Britain is scheduled to submit a resolution to the United Nations Security Council that would authorize military action, under Chapter 7 of the Charter, formally aimed at protecting civilians in Syria, a euphemism for attacks on the military assets of the Assad regime. It is unlikely such a text will pass given an almost certain Russian veto. The United States and its allies are nevertheless virtually sure to act despite this seeming break with international law, as former U.S. president Bill Clinton did respecting Kosovo in 1999.
To do otherwise would have seriously deleterious effects. Failure to take action would be seen by all: The Assad regime, the Syrian opposition, regional jihadists, both U.S. friends and enemies in the region and on a broader scale with Moscow, as a display of American impotence. By backing off now, Washington's global power and influence would be undermined, particularly with President Barack Obama having promised the most serious of consequences when the Syrians used chemical weapons the first time this past March and then offering, what was seen by all, as a very weak response.
Mr. Obama cannot sustain a second failure of nerve, real or perceived. Neither the international community nor his own domestic constituency will accept it, despite war weariness and a suspicion that intervention in the Syrian imbroglio carries the risk of unforeseen consequences possibly drawing the U.S. into another dubious venture in the quicksand of the greater Middle East, as with the tragedies of Iraq and Afghanistan. Nor does the Administration want perceived tolerance of Damascus' actions to erode the universal ban on chemical weapons, in place since the end of the First World War and observed almost without exception since then.
The U.S. is trapped in a conundrum. Despite being loath to engage in another Iraq or Afghanistan, Washington's global credibility and influence are at stake.
Even the most considered options, open to the President, carry risks. Moscow can be expected to do everything in its power to undermine any Western effort, not only using its Security Council veto but deepening its ties with Iran, as well as beefing up its traditional great power confrontation with Washington worldwide. Mr. Putin will not easily abandon his only remaining ally in the Levant.
Rather than discourage Tehran's nuclearization efforts, which by all evidence proceeds apace, a U.S. attack on its ally Syria could reinforce Iranian determination to reinforce the nuclear project. Iranian preoccupation with U.S. intent, paranoid or not, remains a guiding principle.
The demise of Bashar al-Assad could well create a prime operational base for Sunni jihadists, advancing their aim of seizing power in Syria better to enable them to destabilize the region as a whole – their declared objective. Neither Mr. Obama nor British Prime Minister David Cameron, who is particularly robust, believes that tolerable given the chaos created by the Arab uprisings.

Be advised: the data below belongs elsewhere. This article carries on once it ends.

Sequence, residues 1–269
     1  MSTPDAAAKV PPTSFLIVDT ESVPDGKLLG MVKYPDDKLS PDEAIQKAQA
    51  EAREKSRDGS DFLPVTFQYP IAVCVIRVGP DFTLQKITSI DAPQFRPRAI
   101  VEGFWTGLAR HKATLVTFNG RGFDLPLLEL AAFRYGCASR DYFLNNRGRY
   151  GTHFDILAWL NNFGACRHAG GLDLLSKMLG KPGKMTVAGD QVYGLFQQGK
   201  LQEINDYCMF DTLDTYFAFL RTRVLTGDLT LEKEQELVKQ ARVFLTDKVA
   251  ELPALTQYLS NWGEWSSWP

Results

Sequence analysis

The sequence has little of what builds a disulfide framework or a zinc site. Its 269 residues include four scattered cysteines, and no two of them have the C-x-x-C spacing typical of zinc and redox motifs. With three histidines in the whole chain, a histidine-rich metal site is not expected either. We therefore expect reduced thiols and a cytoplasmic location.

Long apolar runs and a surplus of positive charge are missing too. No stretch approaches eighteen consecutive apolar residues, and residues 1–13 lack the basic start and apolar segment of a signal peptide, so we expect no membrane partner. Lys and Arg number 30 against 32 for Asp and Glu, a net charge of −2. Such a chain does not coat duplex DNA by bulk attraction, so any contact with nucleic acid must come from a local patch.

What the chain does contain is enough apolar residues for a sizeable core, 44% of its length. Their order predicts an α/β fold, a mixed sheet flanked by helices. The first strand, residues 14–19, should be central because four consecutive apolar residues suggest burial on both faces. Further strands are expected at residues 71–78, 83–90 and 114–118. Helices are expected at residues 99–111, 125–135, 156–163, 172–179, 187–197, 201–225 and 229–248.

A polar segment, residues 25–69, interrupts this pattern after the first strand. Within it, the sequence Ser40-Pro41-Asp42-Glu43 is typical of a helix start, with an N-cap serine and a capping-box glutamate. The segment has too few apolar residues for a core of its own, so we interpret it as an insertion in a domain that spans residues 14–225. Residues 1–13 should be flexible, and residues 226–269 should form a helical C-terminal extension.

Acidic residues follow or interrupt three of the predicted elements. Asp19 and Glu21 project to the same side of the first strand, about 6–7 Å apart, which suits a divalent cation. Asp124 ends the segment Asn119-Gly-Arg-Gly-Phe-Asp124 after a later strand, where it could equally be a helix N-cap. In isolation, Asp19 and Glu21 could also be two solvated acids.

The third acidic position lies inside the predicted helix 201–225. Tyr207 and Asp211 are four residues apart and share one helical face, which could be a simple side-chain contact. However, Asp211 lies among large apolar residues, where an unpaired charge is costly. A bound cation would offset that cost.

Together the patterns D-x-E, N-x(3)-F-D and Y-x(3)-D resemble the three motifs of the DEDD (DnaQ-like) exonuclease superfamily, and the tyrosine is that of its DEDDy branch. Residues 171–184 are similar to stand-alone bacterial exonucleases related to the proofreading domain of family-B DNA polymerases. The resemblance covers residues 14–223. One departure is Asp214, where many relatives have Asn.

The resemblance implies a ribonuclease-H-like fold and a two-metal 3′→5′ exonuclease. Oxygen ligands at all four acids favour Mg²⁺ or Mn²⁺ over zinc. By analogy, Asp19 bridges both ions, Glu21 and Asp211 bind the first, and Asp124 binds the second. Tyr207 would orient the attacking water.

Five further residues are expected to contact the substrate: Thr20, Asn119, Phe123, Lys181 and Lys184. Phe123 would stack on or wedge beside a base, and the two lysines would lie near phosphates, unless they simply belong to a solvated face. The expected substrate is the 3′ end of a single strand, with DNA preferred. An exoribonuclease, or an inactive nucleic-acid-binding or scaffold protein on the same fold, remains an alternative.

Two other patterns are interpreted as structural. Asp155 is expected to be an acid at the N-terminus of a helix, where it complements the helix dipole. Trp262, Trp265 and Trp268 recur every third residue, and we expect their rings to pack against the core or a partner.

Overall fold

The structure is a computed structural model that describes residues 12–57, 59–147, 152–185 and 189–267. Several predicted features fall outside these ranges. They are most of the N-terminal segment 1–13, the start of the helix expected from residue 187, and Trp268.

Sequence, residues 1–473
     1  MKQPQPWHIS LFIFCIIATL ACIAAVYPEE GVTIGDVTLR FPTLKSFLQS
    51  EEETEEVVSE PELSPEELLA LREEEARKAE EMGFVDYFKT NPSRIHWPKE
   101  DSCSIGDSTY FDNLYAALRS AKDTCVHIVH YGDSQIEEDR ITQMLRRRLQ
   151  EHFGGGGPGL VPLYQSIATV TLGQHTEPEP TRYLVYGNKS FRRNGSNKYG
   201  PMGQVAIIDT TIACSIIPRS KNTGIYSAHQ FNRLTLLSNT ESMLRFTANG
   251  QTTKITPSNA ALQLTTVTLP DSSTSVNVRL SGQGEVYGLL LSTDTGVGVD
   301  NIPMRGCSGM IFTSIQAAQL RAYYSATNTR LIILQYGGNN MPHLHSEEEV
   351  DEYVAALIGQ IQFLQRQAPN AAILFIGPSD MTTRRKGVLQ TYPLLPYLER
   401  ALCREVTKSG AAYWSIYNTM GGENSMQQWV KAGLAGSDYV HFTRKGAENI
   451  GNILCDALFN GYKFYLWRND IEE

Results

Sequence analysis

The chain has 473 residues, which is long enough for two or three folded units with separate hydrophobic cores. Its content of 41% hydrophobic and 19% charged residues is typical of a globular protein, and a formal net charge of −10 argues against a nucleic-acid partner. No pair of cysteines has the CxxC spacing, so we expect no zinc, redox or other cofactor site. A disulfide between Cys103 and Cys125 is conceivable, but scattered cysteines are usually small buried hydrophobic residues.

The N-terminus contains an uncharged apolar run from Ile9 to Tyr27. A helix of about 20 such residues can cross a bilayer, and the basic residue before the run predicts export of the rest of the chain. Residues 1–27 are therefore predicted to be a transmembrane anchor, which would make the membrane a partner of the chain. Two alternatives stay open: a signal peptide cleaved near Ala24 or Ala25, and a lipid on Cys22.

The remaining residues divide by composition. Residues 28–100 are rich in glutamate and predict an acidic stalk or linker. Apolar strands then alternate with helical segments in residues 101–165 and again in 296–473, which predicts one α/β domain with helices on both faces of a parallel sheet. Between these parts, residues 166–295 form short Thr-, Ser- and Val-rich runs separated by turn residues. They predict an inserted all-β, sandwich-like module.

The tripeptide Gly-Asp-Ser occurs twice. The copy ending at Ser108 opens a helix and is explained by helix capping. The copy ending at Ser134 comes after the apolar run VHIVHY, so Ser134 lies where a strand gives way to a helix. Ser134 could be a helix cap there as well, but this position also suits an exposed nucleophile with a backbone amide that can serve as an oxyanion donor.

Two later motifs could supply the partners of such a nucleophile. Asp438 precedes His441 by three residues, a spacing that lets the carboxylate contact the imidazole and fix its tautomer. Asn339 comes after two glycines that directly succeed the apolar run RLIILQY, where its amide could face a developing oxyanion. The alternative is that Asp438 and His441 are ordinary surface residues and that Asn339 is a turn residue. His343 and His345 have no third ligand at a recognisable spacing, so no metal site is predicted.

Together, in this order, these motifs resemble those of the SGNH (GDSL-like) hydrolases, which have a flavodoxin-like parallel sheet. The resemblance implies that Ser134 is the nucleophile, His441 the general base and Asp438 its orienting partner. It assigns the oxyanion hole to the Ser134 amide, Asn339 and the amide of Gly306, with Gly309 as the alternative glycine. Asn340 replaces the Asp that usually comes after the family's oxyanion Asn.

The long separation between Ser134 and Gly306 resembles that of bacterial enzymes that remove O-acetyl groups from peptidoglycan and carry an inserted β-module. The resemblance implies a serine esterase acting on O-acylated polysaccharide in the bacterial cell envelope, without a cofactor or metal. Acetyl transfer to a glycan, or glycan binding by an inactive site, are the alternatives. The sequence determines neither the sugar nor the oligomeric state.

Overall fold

The Israelis too are preoccupied with Syria's turmoil, given the instability on their borders and the heightened risk of Zionist-focused terrorism, not only on their own turf but worldwide. They are making a maximal effort to ensure a tough line. The Israeli government is rock solid in its concern that Washington backing down would encourage Tehran to believe American resolve on nuclear issues would prove equally ephemeral.
Multi-fold options are available to the U.S. and its allies. Ground forces could be sent in to take possession of chemical weapons sites and utterly destroy them. But this would lead to a ground war with allies caught between the forces of the regime, the moderate opposition and increasingly powerful jihadists. It will not happen.
A second possibility would be the establishment of no-fly zones, considered in the past, although this would do nothing respecting chemical weapons. It would require ongoing activity in Syrian airspace beyond the limits of such zones and tend to suck the allies into an all-encompassing commitment. Such a prospect seems unlikely.
A third option is to target weapons delivery systems using aircraft and ballistic missiles by cratering Syrian military airfields, destroying parked aircraft, fuel depots and storage facilities. Some experts argue this would inevitably result in mission creep, while strengthening jihadists through weakening Mr. Assad. It would likely require allied air action over Syria with non-stealth aircraft. Given the Syrians still posses considerable military assets this, even if unlikely, could result in shoot downs, creating the nightmare scenario of allied prisoners cum hostages.
A fourth alternative, most probable because it is the least risk fraught, is an attack on Syrian strategic facilities such as the Defense Ministry and other military headquarters. Costs would be manageable, targets would be fewer, and aircraft would likely not be required. If they were, bombers with air-launched missiles could be deployed beyond the range of Syrian air defenses. It appears Mr. Assad may consider such a step probable as it is rumored that command and control facilities are being relocated by the regime into urban areas, adjoining schools and hospitals.
An attack on strategic installations can be criticized as ineffective because it would be largely symbolic. While this may not appeal to military planners, the power of imagery should never be discounted. The Middle East is replete with examples.